International studio — 30.1906/​1907(1907)

Page: 119
DOI issue: DOI article: DOI Page: Citation link: 
https://digi.ub.uni-heidelberg.de/diglit/international_studio30/0133
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English Drawing

English drawing. —the
LANDSCAPE AND FIGURE
SKETCHES OF THE OLDER
MASTERS. BY T. MARTIN WOOD.
The pleasure derived from the study of drawings
lies in appreciation of the draughtsman’s sensitive
vision as displayed in them and the responsiveness
of his pencil. The touch of the artist in a fine
drawing is a thing of nerves. This nervous quality
was essentially the feature of drawing until these
present times, for the reason that the art of line
drawing was insisted upon to such an extent that
an easy skill in it was then looked upon as the first
equipment in every artist. The modern tendency
of training has meant the loss of those finely
sympathetic qualities of drawing which evolved
from persistent training. This scholarship in draw-
ing remains only with a remnant of artists to-day,
a pure stream difficult to find uncontaminated by
so-called systems invented in the schools. The
ability to sketch brilliantly whilst depending on the
same qualities is yet a case apart. As with the gift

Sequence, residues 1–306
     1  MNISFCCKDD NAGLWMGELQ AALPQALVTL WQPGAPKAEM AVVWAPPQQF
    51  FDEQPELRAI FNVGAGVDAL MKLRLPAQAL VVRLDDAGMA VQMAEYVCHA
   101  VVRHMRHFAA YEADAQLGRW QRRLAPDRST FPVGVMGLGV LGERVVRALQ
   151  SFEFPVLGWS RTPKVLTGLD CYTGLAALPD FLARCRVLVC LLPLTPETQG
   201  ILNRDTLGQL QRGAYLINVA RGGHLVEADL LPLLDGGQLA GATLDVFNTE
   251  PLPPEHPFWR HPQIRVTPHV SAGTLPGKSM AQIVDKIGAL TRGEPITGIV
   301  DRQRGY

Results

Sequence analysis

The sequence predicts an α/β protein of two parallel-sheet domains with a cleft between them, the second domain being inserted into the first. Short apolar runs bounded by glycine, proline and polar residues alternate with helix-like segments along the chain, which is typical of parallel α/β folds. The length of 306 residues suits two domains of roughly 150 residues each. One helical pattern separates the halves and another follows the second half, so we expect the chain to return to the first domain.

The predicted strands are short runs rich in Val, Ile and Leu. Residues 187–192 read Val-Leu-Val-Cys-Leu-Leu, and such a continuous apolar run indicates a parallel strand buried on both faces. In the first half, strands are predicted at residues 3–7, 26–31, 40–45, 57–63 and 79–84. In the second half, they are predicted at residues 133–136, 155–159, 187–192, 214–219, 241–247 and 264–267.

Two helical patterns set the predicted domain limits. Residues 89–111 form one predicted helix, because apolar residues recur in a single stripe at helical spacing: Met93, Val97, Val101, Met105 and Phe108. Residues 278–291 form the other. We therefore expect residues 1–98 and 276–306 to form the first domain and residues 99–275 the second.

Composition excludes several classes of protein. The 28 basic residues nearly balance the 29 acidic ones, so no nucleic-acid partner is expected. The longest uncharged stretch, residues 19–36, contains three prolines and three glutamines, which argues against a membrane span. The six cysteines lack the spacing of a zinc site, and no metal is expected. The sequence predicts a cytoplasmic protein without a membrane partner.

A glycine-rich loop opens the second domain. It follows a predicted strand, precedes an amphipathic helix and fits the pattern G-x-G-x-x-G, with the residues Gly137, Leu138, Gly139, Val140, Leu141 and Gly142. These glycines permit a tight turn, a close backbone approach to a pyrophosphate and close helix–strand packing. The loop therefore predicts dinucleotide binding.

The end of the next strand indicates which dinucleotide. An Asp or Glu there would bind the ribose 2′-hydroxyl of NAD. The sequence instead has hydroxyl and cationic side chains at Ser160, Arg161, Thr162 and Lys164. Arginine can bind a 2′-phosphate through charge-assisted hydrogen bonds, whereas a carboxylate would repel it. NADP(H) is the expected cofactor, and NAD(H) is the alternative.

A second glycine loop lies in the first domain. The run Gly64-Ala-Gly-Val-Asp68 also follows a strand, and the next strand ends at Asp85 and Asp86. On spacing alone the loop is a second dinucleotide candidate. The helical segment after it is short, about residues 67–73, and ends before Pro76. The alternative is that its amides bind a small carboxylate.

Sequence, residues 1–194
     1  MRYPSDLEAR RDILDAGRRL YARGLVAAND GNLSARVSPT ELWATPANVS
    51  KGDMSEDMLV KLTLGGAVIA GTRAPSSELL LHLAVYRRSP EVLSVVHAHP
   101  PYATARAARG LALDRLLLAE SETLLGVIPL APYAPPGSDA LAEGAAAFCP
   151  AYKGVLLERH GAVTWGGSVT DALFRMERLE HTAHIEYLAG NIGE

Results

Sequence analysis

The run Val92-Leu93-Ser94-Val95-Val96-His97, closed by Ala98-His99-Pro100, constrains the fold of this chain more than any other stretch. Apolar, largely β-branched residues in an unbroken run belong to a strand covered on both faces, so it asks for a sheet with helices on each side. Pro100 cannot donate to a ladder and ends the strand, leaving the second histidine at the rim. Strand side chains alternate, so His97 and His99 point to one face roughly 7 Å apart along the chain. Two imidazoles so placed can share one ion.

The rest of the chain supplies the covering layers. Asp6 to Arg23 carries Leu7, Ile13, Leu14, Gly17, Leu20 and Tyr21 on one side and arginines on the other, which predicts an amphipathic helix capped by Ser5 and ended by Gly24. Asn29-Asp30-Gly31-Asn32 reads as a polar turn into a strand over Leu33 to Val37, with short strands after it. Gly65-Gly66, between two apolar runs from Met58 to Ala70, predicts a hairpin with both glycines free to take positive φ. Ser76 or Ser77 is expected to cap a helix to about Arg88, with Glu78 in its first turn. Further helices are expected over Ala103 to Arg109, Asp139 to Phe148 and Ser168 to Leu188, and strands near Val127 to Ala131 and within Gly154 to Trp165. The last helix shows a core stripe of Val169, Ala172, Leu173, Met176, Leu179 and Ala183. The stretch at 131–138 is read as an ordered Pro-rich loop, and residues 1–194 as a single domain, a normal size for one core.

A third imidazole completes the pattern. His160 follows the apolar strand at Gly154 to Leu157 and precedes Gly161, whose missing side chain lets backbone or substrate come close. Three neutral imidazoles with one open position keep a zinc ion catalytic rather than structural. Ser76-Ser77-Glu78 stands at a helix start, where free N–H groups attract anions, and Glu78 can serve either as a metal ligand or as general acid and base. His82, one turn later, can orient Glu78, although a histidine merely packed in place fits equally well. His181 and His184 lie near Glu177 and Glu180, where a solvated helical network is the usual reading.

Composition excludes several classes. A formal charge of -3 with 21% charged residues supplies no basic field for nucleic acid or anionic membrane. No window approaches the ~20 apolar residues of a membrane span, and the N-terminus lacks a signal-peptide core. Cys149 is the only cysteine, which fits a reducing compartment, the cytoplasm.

ot poets, the sketcher’s vivacity of sight comes with
him at birth. The laws which govern the creation
of a sketch are not to be defined, they answer to an
inward vision on the part of the artist. The great
interest of the sketch is in the fact that it repre-
sents the process of artistic thought, which may or
may not eventually concentrate in the finish of a
painted picture.
To accept a difficult composition from nature, to
define its sentiment in a few lines so instinctively
chosen that they are the lines which give the whole
meaning of the subject, is to make a good sketch.
In the particular set of sketches with which we
illustrate this article the reader will, we hope, be
able to trace that personal character in which their
meaning is to be found, and to note with interest
the quality of the touch with which pencil is put to
paper, as distinguishing the work of one artist from
another. There is no attempt here to touch the
history of drawing in England during the period
which our illustrations cover. The subject would
scarcely come within the province of our pages ;
but the sketches reproduced emphasise the salient
features of a variety of styles. The most


PENCIL sketch (By permission of C. Fairfax Murray, Esq.) by t. GAINSBOROUGH, R.A.
119
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